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Friday, May 2, 2008

Culture Day in Elbasan!

Saturday was Culture Day in Elbasan! Chris and I caught a furgon around 9 and met with all the volunteers at Skampa Theatre, near the old castle. There the PC had set up “culture stations” for us to learn (and have fun) with Albanian culture. They also arranged for a dance/performance troupe of young kids to present Albanian songs and dances in their traditional costumes, which was adorable and reminded me of the little figures from Disneyland’s It’s a Small World. PC also had a station for ushime e Shiperisё , or Albanian foods. Even more popular were the Turkish food tables, serving baklava and Turkish coffee. In case I haven’t already stated, there is a lot of Turkish influence here beyond the Ottoman mosques, which aren’t actually widely used. For example, many Albanian words are borrowed from Turkey, as well as squat toilets—called “Turkish toilets” since Turkey introduced them to the region. We learned a bit about Albanian literature, folklore, superstitions, and religions, as well as more circle dancing and watching videos of traditional singing in costume. I really appreciate how the PC tries to have fun and educate us, and to be as creative as possible.

*On a side note, I’ve recently gotten word from Anne that she has flown to DC for staging before her Guatemala departure, and I know she must be having an equally exciting time! I can’t wait to hear about her own cultural lessons and adjustments….!
After “Culture Day”, we had some errands to run in Elbasan, such as buying ingredients for making a cake. We wanted something to present for Karen and my birthday party the next afternoon (Sunday). Becca and I tried to be creative with this cake, but with such limited ingredients we decided to make a simple white cake with a layer of lemon custard in the middle. Becca came home with Chris and me, and we cooked it from scratch—even beating the eggs until stiff by hand . No appliances here—only the richest people can afford things from the Elektro Shtёpiake (“Electric Housewife” store). Unfortunately, and for reasons we haven’t yet worked out, the cake failed to rise, so we ended up making two giant pancakes with a layer of custard smooshed between. Even the frosting failed miserably, because we couldn’t find any powdered sugar and we didn’t foresee the disasters of substituting regular white sugar in its place… ;(

You can see in the pictures. But the party was a blast none the less! Almost all of the volunteers caught furgons here to Cerrik, and we gathered in the internet café for drinks, cake, and extra goodies that people gifted us with. We’re so lucky to have a nice big place in Cerrik that can accommodate so many of us—and we’ve agreed that we’re still having a cultural exchange with the Albanians because they all watch us and see how we Americans interact {— what? that girl is drinking beer! And she’s talking with a guy! And look how they hug each other hello/ goodbye instead of kissing each other’s cheeks!} . I am going to really miss having these impromptu gatherings with all of the PCTs—from what I hear after we leave for our sites we’ll only see everyone at once 3 or 4 times each year. I am on the PC Party Planning Committee, so I hope to at least coordinate frequent get-togethers in the southern region though…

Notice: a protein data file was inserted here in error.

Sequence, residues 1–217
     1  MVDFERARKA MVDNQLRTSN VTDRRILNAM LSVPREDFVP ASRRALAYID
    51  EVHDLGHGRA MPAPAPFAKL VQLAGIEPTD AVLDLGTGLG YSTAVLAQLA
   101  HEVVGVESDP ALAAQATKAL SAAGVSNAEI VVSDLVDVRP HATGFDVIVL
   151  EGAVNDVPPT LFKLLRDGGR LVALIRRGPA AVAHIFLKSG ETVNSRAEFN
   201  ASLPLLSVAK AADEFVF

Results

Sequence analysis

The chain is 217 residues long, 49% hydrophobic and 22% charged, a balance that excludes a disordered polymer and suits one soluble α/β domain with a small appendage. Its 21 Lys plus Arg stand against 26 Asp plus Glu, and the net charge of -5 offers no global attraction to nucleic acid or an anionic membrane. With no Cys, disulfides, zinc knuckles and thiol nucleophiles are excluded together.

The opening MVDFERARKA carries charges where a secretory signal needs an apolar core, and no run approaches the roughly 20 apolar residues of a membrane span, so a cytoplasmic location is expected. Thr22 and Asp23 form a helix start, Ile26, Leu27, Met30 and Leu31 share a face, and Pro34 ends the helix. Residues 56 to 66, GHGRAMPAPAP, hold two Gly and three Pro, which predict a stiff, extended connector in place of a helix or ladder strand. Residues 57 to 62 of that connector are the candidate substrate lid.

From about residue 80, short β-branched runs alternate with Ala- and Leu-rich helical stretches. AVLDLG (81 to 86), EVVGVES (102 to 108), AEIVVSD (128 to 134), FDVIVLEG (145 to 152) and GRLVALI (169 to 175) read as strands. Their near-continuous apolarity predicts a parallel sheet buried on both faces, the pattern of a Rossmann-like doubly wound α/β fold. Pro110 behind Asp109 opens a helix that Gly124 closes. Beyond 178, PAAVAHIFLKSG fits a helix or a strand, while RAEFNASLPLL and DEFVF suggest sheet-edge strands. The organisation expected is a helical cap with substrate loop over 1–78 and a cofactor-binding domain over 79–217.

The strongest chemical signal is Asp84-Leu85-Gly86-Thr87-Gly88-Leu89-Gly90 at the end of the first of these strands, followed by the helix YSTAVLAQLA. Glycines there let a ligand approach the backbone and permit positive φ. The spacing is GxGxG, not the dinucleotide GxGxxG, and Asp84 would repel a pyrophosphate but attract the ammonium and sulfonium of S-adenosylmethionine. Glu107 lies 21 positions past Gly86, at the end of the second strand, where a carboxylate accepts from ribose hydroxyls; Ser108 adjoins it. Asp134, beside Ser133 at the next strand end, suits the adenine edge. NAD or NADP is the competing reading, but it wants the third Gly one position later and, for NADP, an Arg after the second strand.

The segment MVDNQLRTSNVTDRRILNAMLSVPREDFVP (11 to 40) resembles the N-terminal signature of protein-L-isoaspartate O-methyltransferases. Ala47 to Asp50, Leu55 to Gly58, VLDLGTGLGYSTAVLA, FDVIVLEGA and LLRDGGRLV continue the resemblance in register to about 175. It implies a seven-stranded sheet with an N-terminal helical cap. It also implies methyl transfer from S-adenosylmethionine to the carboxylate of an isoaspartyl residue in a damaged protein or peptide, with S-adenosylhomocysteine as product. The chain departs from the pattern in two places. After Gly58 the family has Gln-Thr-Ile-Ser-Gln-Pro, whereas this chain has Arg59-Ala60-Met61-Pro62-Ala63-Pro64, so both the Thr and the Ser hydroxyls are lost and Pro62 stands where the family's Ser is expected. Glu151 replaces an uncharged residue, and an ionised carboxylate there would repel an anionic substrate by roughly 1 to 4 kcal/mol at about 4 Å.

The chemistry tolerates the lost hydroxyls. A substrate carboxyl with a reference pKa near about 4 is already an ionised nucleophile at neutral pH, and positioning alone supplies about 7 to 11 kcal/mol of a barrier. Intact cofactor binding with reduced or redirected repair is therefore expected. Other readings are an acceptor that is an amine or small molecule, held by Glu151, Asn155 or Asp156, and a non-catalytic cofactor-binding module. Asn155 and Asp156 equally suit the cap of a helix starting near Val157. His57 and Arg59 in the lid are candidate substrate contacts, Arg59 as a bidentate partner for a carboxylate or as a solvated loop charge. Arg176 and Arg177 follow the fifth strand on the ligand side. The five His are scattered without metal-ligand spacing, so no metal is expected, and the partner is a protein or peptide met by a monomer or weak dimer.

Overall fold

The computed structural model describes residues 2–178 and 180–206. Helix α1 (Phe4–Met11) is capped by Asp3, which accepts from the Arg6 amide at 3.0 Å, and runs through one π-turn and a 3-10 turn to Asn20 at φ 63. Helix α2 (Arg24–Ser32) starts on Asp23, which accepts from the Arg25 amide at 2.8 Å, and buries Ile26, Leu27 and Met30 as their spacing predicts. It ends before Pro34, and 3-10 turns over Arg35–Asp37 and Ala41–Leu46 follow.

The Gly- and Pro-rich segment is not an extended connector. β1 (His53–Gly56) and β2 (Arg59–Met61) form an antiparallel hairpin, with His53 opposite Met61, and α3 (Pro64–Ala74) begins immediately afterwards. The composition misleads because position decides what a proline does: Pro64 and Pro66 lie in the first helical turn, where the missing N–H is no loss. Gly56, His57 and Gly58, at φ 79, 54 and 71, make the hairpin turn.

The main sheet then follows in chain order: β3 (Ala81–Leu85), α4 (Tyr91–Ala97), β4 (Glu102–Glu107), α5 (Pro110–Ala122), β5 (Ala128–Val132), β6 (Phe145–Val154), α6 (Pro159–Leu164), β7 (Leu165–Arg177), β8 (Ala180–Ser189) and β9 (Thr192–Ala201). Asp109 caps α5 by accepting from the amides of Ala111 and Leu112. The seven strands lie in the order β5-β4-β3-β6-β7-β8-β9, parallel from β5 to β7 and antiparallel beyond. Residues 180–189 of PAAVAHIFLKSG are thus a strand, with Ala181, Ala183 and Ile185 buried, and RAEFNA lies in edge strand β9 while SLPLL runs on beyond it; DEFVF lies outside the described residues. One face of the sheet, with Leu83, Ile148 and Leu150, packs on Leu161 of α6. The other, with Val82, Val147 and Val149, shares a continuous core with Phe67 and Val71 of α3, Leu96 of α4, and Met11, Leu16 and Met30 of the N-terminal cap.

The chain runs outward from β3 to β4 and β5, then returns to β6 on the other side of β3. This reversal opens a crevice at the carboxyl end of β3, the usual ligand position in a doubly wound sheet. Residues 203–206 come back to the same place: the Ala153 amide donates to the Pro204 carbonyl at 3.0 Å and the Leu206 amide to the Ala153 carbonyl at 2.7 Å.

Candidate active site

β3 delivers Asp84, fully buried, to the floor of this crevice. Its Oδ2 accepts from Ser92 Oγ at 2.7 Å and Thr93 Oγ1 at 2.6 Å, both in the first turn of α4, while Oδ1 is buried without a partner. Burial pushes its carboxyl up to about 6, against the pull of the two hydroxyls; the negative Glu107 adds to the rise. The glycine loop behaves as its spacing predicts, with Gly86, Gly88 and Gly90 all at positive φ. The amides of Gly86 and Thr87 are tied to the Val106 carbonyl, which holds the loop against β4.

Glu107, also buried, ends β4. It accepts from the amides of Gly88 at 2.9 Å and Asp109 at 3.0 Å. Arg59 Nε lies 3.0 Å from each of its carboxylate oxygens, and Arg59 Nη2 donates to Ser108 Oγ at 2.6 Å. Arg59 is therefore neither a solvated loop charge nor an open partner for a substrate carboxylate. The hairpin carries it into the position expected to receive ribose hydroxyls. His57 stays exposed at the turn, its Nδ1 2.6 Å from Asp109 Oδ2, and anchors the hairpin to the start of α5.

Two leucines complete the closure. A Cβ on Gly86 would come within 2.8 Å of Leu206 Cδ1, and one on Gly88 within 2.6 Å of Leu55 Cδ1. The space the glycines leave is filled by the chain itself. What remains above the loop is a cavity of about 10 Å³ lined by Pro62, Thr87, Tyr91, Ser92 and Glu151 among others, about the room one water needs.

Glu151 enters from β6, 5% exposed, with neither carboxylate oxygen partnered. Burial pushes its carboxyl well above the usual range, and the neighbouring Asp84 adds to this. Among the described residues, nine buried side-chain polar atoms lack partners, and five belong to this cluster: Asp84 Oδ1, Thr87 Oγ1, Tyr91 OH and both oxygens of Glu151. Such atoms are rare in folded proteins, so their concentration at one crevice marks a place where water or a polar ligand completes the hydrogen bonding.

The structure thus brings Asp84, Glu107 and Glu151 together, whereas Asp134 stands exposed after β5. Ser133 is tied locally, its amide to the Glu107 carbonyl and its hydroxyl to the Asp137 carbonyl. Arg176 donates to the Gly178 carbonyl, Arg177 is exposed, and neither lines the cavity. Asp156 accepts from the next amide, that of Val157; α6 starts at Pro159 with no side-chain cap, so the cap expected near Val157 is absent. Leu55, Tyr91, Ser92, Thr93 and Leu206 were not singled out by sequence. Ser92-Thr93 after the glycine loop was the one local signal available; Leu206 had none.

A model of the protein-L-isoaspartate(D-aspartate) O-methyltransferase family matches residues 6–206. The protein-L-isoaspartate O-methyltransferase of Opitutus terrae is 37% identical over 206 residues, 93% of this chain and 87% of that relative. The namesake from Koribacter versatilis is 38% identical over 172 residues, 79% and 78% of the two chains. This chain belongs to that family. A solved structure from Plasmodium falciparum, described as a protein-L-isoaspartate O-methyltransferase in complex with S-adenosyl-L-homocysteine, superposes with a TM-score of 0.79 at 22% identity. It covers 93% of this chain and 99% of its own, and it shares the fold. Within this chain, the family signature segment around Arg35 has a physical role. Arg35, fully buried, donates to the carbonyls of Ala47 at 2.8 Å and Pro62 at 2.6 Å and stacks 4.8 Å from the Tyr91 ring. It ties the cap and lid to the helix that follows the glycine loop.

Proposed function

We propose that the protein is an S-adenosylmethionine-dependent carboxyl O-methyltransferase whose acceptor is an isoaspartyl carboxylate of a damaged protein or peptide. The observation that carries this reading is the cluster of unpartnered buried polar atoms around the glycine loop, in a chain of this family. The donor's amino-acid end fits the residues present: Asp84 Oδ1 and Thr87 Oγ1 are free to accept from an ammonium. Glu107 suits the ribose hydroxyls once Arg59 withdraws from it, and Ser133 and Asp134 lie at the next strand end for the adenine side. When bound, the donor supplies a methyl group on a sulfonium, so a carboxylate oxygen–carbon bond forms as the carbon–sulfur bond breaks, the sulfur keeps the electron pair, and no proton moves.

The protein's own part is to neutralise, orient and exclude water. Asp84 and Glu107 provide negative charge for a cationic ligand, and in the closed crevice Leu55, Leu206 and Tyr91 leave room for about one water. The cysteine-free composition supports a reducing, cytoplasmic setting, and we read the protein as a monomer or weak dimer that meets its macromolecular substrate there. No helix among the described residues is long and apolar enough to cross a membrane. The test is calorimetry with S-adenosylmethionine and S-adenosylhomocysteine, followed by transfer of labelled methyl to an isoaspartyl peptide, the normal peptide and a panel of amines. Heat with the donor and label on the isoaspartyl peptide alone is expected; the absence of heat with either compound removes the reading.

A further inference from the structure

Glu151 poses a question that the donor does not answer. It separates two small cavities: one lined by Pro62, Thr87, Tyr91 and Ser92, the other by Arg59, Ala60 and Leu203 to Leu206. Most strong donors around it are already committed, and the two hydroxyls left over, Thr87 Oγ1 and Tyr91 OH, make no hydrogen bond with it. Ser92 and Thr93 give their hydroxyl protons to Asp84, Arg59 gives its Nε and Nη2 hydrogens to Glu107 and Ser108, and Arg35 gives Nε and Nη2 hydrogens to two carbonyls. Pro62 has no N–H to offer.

As for this week, our technical practicums began, which means that the health volunteers are teaching lessons to the kindergarten kids, and next week we’ll do one with the 8th grade, as well as a community group (for us in Gjёrgjan we will be having a session about reproductive health with girls 16-22). I joined the language class in Gjёrgjan yesterday and afterwards we watched the first group teach a dental health lesson, which didn’t necessarily fail but also didn’t occur as planned. I guess there will always be some unforeseeable barrier in our jobs, but we simply cannot know until we try. In the afternoon we hitched a lift in the PC car to Elbasan, where I spent two hours at the post office trying to pick up my packages—successful in the end, however tired—and then did some internet research for our sexual health and anti-tobacco classes next week. I got home pretty late and busied myself with language homework until dinner was served—peppers stuffed with rice—at 9:30. Every day I am growing one step closer to requesting to eat earlier, even if I do have to eat alone, because I hate to wait so long between lunch (at 1 or 2) and dinner (usually between 9:30- 10:30), and also eating so close to sleeping. Maybe tonight.

For now, we’re making posters to advertise our Art Fest that we will be having later this month. Then I’m off for Shtёrmen, to watch another group’s health presentation…! Mirupafshim!


Arlene said...

Dear Courtney, I've just seen the third video in the series. It wasn't there last time. I love the singing!! It reminds me of Inner Mongolian music. What do you think, Chris?
Were they the birthday candles? or did you purchase them locally?
Happy Birthday, Courtney. This is one you;ll never forget.

Anne said...

Im so glad we are in this together! I love hearing about your adventure!!! Miss you!